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User Comfort Aware Energy Management System for Smart Homes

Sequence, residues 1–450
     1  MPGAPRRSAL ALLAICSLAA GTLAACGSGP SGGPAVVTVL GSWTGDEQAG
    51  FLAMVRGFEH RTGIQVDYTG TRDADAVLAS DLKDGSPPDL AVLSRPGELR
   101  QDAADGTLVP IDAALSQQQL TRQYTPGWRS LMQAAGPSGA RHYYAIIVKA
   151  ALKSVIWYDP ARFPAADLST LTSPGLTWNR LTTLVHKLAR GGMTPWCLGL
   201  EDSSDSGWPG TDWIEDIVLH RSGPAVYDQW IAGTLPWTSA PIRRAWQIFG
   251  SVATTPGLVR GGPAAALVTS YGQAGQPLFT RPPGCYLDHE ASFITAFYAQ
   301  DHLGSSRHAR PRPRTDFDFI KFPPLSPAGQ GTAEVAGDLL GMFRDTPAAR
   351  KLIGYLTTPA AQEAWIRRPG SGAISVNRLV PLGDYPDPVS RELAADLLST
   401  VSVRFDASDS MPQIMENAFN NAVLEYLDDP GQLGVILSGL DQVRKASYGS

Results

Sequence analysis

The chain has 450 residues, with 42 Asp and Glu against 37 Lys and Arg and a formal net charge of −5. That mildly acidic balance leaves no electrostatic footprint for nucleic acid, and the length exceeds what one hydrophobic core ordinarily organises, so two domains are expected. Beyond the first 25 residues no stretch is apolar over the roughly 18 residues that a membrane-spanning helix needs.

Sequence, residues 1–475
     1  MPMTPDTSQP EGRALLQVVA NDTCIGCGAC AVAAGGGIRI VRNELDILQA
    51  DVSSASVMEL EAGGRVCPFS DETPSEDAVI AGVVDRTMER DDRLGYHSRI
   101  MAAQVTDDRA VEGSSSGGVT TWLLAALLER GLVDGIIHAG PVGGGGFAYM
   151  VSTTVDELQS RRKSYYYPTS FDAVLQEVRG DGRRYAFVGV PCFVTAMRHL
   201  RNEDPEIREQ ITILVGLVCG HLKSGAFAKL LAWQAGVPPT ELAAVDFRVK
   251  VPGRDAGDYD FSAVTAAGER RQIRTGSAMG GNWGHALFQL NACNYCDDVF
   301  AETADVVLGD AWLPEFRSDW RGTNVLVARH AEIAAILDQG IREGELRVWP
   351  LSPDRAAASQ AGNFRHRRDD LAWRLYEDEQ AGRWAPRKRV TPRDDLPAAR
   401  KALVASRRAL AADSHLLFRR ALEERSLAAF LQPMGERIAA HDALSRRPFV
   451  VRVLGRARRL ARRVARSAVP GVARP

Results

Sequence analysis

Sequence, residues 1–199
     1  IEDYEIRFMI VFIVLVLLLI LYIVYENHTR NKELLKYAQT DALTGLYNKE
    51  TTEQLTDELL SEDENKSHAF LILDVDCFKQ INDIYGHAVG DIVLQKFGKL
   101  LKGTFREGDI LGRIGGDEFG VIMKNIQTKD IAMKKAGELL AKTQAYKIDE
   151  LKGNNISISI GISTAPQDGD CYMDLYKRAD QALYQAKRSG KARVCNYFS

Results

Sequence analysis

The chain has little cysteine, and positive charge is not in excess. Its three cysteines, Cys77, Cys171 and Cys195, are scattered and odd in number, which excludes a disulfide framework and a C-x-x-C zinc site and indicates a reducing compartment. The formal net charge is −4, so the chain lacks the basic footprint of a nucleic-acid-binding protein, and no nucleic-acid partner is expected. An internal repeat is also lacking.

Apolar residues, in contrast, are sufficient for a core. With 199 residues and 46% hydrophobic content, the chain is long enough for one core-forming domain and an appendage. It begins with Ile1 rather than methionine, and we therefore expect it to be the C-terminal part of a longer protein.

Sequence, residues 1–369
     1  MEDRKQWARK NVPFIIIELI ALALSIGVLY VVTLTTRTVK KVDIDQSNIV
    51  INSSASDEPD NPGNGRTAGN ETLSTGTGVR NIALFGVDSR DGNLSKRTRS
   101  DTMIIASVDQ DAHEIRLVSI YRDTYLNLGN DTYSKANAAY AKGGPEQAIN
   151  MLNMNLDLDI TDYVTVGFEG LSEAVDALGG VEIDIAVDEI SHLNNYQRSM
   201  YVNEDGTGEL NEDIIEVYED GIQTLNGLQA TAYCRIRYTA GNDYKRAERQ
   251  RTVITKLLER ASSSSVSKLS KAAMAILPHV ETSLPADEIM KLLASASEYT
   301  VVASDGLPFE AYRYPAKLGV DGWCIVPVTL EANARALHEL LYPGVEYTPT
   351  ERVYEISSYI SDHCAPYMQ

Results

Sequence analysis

The residential sector is responsible for the consumption of almost 40% energy along-with carbon dioxide emissions. Approximately 50% of overall energy consumed in residential sector is directly related to cooling, heating, ventilation and lighting. Thus, it is crucial to optimally control heating, cooling and ventilation systems for the reduction of energy consumption in a residential sector. Consequently, increasing energy demand and pressure of carbon emission reduction in a residential sector encourage the people to purchase green energy or adopt energy management techniques. In this regard, Demand Response (DR) is an important topic due to the integration of Information and Communication Technology (ICT) into power grid to meet the growing energy demand. To increase the effectiveness of DR programs, Demand Side Management (DSM) systems have been widely used to enable end users to optimally manage and control their load. The design and implementation of various DSM strategies have been widely studied in the literature since last decade. Although, the performance of these techniques have been scarcely analysed and the results show remarkable impacts regarding residential energy management. However, there are still many factors i.e., user involvements for comfort management, thermal and environmental constraints, and real-time dynamic pricing which need to be incorporated, holistically. In this dissertation, we have proposed various residential energy management solutions while introducing human participation with thermal, environmental and utility constrains (limits on generation, transmission and distribution systems). Since, the centralized solutions are more attractive, although, they have more communication overhead and computational complexity. So, we majorly focus on the development of energy management algorithms based upon heuristic optimization techniques focussing on residential side. Furthermore, we also develop a co-optimization program to consider utility constraints; energy generation, transmission, distribution, storage and locational marginal pricing. This work gives a holistic view of the overall energy and water systems including generation and consumption facilities. Keeping in view the aforementioned challenges and needs related to energy management in a smart home, we first model different types of homes and smart appliances and then design mathematical optimization models by taking into consideration social welfare constrains (i.e., cost and comfort). Homes and appliances are categorized based on customer lifestyle and energy consumption requirements. Then heuristic based Wind Driven Optimization (WDO) and Knapsack-WDO algorithms have been used for cost, user discomfort and peak reductions. The similar problem has also been solved using Genetic Algorithm (GA) and ”fmincon” solver. However, the thermal, environmental and user presence constraints are considered in these algorithms. Furthermore, the WDO, K-WDO, GA and fmincon algorithms use day-ahead pricing schemes which are not very difficult to utilize as compared to real time price signal. Because DR is a function of aggregate energy consumption and is dynamic in nature. So to develop an optimization program considering real time price signal, Optimal Stopping Rule (OSR) theory has been used. We then address the “Cyber Physical System” aspect of residential load management using multi-agent technology. We present a system framework which controls the interactions among various agents through Agent Communication Language (ACL). Moreover, it has also been demonstrated that how the intelligent framework is used to optimize the energy consumption and electricity cost while improving the user comfort. The next chapter discusses the role of electricity prices in the context of residential energy management. Residential buildings use hourly electricity prices and optimization algorithms to control the loads. Whereas, these prices are set by utility on aggregated energy consumption basis. To analyse the impact of aggregated DR signal on users, we first develop a model to manage the residential load. We then present a novel mathematical model to distribute electricity prices on the basis of net consumption. The last contribution of the dissertation explores the energy generation and water production facilities in the context of energy water-nexus domain. As the en- ergy and water are two separate and uncoupled infrastructure systems, however in reality, these are interlinked systems, serving in their respective domains. So to provide energy and potable water to residential as well as industrial sectors, a co-optimization is required. In this regard, a co-optimization program has been developed for the supply side of energy and water networks. This program uses power, water, and co-generation facilities in relation to generation, transmission, and distribution constraints. Then MATLAB and General Algebraic Modelling System (GAMS) tools have been used to solve the optimization problem. Further- more, to meet power and water demands during on-peak hours, a storage facility is also introduced. At the end, extensive simulations have been conducted to analyse the performance of the proposed algorithms. All simulation scenarios are considered in terms of energy generation, electricity cost and Peak to Average Ratio (PAR) reductions subject to variable load, utility and consumer constraints. The results show the enhancements in energy consumption and cost reductions and also highlight the possible trade-offs in different scenarios.